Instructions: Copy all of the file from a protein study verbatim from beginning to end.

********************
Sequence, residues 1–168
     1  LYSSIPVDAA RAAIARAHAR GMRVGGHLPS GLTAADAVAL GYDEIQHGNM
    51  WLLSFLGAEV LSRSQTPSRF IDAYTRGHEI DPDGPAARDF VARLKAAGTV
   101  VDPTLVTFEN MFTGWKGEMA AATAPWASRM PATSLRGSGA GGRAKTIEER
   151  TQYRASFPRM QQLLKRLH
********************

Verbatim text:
Sequence, residues 1–168
     1  LYSSIPVDAA RAAIARAHAR GMRVGGHLPS GLTAADAVAL GYDEIQHGNM
    51  WLLSFLGAEV LSRSQTPSRF IDAYTRGHEI DPDGPAARDF VARLKAAGTV
   101  VDPTLVTFEN MFTGWKGEMA AATAPWASRM PATSLRGSGA GGRAKTIEER
   151  TQYRASFPRM QQLLKRLH